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Setting up your Financial Foundation: Essential Banking Tips for Newcomers

By Keph Senett

Published July 13, 2023 • 5 Min Read

When you first arrive in Canada, you’ll have to manage to find a place to live, start a job and learn about your new community. It’s a lot to get organized. This guide offers simple guidance to help get your money matters in order so you can safely save, move and use your money, and start building a good credit score to help you meet your goals.

Open a Canadian bank account

Opening a bank account with a Canadian bank should be a top priority even if you have an account in another country because international banking can be complicated, time-consuming, and costly. A local bank account will give you a safe place to put your money while allowing easy access.

Here are few key features you should know about.

Chequing accounts

People use chequing accounts to hold their funds for monthly and everyday expenses and often ask their employers to deposit their paycheques directly into their chequing accounts.

Savings accounts

This account allows you to put in your extra money to build an emergency fund or save for a larger purchase. Keeping this money in a separate account from chequing is helpful so you don’t accidentally spend it.

Debit cards

You can access your chequing and savings accounts at a bank or use your debit card at an ATM. While this card looks similar to a credit card, you can use it to buy directly from some stores, it’s not credit. When you pay with debit, the money comes directly from your account.

Interac e-transfers

When you want to send money to someone with a Canadian bank account, you can use an Interac e-transfer. Find this service by logging into your mobile or web banking. It’s free with some bank accounts, while others charge a small fee for each transfer.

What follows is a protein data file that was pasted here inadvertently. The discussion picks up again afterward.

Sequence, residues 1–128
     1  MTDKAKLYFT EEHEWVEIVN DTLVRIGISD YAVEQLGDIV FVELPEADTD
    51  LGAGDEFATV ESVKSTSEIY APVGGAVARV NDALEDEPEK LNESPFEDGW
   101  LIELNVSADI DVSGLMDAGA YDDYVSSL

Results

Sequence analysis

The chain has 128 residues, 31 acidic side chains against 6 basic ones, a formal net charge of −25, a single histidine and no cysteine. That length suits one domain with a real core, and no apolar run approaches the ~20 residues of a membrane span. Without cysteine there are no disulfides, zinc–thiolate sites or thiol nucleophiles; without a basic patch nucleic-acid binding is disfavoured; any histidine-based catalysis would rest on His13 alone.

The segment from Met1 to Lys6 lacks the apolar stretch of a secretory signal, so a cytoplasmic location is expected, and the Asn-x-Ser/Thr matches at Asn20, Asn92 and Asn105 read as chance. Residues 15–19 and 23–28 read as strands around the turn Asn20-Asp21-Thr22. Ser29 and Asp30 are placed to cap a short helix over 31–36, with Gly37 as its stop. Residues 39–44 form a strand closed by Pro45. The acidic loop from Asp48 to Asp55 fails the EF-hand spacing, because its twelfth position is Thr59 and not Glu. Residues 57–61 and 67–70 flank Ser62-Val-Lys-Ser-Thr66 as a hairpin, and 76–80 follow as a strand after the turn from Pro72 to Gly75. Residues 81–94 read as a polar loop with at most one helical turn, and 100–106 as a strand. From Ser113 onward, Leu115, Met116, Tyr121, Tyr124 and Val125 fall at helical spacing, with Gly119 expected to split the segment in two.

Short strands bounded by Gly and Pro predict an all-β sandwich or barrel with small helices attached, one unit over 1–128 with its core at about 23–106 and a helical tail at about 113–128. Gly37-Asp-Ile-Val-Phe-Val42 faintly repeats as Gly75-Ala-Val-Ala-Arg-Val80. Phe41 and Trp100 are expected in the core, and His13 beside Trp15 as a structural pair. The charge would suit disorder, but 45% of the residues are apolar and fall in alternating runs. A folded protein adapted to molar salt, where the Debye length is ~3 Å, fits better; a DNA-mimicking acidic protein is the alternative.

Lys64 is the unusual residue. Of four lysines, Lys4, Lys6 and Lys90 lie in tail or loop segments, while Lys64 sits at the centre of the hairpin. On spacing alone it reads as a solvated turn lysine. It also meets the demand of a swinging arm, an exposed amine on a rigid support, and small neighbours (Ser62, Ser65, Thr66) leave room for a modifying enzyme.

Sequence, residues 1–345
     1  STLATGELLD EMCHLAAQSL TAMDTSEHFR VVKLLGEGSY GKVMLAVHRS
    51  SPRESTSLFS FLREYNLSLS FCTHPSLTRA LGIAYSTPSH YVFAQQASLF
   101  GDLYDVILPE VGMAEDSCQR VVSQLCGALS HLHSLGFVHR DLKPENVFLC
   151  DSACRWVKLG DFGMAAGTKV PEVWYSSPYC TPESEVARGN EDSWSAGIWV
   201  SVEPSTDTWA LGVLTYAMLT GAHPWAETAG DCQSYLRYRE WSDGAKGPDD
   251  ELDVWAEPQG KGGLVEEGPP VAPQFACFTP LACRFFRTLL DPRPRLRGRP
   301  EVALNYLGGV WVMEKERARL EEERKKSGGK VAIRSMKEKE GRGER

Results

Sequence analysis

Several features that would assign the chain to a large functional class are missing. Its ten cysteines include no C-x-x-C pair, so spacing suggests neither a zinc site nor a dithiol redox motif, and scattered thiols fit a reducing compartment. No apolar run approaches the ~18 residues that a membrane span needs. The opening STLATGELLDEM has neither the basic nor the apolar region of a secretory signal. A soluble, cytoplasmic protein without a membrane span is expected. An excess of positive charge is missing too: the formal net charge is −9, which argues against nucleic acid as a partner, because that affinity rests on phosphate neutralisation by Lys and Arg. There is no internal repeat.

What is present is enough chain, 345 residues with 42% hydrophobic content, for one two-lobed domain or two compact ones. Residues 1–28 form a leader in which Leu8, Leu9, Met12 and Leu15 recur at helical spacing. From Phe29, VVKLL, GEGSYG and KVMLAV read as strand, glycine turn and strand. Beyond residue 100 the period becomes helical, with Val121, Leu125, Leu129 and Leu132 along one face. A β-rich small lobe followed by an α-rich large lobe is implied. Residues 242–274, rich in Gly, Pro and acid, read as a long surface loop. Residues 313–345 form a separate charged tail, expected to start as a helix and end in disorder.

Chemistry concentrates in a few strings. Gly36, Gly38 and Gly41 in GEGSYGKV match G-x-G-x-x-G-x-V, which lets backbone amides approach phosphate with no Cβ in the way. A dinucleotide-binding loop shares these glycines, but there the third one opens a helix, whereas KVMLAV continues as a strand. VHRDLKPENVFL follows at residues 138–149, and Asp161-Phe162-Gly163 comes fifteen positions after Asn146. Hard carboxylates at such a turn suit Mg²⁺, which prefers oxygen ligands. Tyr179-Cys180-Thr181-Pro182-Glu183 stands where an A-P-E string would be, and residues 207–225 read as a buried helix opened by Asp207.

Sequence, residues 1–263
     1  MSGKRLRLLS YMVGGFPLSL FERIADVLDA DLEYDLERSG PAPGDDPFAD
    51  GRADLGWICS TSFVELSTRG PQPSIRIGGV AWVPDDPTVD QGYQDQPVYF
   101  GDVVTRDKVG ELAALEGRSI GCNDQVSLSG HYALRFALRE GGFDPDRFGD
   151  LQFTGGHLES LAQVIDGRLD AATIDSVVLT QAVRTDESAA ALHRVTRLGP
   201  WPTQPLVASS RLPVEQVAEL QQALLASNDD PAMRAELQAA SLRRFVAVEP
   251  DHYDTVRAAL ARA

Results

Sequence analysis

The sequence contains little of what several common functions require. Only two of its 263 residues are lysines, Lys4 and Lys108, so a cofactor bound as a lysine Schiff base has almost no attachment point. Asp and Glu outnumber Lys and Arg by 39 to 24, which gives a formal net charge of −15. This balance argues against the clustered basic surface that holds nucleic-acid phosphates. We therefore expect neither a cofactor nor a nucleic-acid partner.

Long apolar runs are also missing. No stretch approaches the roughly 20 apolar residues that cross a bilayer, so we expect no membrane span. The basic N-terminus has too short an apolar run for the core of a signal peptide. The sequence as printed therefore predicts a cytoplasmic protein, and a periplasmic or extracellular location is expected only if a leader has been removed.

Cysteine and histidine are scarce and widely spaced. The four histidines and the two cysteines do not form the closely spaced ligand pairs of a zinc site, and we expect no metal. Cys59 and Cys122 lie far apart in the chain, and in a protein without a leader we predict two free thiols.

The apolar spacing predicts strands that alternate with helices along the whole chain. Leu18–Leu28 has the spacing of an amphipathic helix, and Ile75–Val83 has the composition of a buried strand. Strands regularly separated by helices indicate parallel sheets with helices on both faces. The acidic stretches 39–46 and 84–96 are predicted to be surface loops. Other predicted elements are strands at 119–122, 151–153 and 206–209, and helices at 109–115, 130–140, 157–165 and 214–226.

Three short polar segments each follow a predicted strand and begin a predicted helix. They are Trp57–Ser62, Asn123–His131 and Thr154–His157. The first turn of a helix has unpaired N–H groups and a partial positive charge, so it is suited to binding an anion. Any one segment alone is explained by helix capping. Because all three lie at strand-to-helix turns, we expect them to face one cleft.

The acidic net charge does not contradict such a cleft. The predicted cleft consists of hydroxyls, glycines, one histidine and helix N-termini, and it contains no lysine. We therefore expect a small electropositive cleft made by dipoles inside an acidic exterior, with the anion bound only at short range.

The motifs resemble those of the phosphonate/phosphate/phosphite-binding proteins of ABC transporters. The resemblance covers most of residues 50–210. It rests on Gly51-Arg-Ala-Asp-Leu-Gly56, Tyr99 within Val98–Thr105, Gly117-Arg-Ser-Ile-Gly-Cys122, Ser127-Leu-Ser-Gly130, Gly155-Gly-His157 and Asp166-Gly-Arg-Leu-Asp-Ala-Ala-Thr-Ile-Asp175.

Pre-authorized debit

This is a useful feature for people who may forget to pay their bills on time. When you set up a pre-authorized debit, you give your bank permission to pay a certain amount to a certain account on a certain date. So, for example, you could set up a pre-authorized debit to pay your cellphone provider every month.

Note that different banks and accounts charge different fees. Ask if there’s a monthly fee and how much different transactions cost. Figure out which features you need and can afford, and research to find the best bank account for you.

Some banks offer accounts or packages designed with newcomers in mind. The RBC Newcomers Advantage is a great example. With this account, you get a chequing account, unlimited debit transactions, and approval for a credit card without a credit check.

Start building your credit score

A credit score is a rating that banks, other financial institutions, employers, and even landlords can ask to see before they lend you money, employ you, or rent to you. This three-digit number represents how well you’ve handled credit in the past, such as whether you pay your bills on time. The higher your credit score, the better.